Do you want to know what a florilegium is, or a herbal, and would you like to acquire a piece of an undisputed monument in this genre of books? If so, you could be looking for Johann Wilhelm Weinmann’s Iconography of Plants and Flowers to the Life, or Conspectus of some Thousands of Plants, Trees, Shrubs, Flowers Fruits, Fungi, etc both Native and Foreign. But be aware: this publication consists of four (or sometimes eight) folio volumes, the first appearing in 1737 with a commentary in Latin (then the language of the learned) and German. It was compiled by a Bavarian apothecary, Johann Weinmann (1683–1744), who was probably the first to use a colour mezzotint method of engraved botanical illustration. His extraordinarily gifted engraver was Georg Dionysus Ehret (1708–70), whose task had been to complete 1,000 illustrations in 12 months. In the event he completed 500 before a falling out with his employer over his fee led to their separation. Ehret, we should note, worked with Carl Linnaeus and was sought out by Joseph Banks. Meissen used the images from the Iconography for a 2000-piece dinner service.
In 18th-century Europe the encyclopaedia was adored: one thinks of Diderot and D’Alembert’s Encyclopédie, Samuel Johnson’s Dictionary, the Encyclopaedia Britannica and Burney’s History of Music. They were huge undertakings. Similarly, everything about Weinmann’s massive botanical publication was gigantic. If today you were to stagger home from the auction with your four- or eight-volume set of his Phytanthoza Iconographia you might keep quiet about its cost price, withheld after auction because it fetched double the asking price. You might admit to your botanical friends that the first volume alone recently sold for $US 6,000 and a single plate from it came in at nearly £400.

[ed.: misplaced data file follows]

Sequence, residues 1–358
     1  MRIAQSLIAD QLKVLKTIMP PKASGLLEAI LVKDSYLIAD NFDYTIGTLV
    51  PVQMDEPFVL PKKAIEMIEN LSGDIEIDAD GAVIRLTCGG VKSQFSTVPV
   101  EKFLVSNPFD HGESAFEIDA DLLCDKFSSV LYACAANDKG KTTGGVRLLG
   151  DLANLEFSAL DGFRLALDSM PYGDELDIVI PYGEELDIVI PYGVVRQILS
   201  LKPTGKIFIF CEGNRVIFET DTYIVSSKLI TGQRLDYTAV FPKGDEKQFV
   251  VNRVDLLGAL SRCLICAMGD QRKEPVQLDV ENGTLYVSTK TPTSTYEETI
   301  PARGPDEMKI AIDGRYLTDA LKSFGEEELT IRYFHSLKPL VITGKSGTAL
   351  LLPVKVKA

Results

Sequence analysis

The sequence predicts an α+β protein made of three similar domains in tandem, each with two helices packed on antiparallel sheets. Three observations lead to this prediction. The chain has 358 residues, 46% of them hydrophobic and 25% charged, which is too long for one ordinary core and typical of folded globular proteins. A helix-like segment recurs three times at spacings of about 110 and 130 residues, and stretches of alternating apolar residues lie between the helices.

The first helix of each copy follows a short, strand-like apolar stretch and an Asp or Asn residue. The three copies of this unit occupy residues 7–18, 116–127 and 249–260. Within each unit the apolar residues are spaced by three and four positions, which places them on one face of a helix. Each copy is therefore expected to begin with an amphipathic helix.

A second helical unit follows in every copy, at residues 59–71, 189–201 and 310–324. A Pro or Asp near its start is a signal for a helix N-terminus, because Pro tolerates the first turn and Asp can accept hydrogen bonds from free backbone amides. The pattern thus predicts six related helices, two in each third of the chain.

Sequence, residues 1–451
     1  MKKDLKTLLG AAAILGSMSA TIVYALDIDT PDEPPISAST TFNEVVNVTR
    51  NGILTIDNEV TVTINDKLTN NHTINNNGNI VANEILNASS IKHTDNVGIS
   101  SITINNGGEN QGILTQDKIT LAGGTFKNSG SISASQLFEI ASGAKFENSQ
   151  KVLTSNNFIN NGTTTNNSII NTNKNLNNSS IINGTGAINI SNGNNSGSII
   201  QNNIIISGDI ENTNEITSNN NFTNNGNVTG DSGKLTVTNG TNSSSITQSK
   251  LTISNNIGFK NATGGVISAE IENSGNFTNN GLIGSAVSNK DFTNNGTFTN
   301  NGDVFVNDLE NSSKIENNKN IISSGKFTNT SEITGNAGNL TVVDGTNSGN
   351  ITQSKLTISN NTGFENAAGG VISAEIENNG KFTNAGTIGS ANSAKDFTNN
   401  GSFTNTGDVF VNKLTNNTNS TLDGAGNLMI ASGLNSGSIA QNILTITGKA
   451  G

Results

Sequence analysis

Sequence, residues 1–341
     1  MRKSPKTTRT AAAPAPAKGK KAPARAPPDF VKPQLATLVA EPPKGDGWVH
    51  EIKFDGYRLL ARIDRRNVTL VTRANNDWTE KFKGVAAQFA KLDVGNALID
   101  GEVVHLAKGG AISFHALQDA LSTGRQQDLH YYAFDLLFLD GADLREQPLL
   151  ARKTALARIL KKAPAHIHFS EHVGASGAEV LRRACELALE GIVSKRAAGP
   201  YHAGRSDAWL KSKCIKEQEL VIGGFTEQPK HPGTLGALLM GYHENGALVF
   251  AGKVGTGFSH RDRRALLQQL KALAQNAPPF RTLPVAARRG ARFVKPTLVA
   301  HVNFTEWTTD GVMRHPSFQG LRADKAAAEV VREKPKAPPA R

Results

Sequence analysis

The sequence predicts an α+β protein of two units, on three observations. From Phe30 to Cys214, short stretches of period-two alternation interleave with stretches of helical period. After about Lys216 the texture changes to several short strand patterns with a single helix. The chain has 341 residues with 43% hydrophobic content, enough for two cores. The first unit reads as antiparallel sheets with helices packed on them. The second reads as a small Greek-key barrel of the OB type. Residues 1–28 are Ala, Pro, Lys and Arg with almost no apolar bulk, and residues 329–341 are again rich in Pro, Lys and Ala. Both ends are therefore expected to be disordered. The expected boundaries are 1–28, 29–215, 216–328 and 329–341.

Alternatively and happily there is Caroline Ball’s A Cornucopia of Fruit and Vegetables: Illustrations from an Eighteenth-Century Botanical Treasury (Bodleian Library, Oxford, 2021). After an attractive 30-page introduction providing the historical context and some fascinating biographical notes, there are more than 100 annotated pages of images reproduced from Weinmann’s Iconography. In all, half a kilo of botanical delights, both edible and decorative, for a manageable $29.99 For this you will see –– in 18th-century colours and textures – squashes, gourds, apples, pears, hops, melons, mulberry, pea, carrot, blackberry, coconut, banana, apricots, spinach, tomato, onions, orach, lettuce, cherry, beans and much more.
The names of Weinmann’s several assistants in his massive project (Seuter, Ridinger and Haid) appear on the 1737 title page, but that of his engraver, Georg Ehret does not. Nevertheless, today, Ball tells us, his name is ‘uttered with awe by botanical artists and art historians, and he is considered one of the very finest illustrators from a golden age of botanical art’ (p. 22). Her selection of Weinemann/Ehret’s work shows where the florilegium’s roots are and she provides a key to each of the plates and a guide to further reading.
In Australia, the florilegium genre is alive and well, as Colleen Morris and Louisa Murray’s splendid The Florilegium of Sydney’s Royal Botanic Gardens (2016) shows. For a botanical enthusiast this modest sampling of Weinemann’s vast work would make a welcome gift, both to give or receive. It is in English, it is portable, it is affordable, it is in full colour, and it will fit on your bookshelf or coffee-table. The Iconography was both a florilegium and a herbal and comes to us from a time when everything was to be discovered, labelled, ordered and recorded: as this sampling indicates, it was also an age of great books, the medium of such learning.
Reviewer Clive Probyn, AGHS Southern Highlands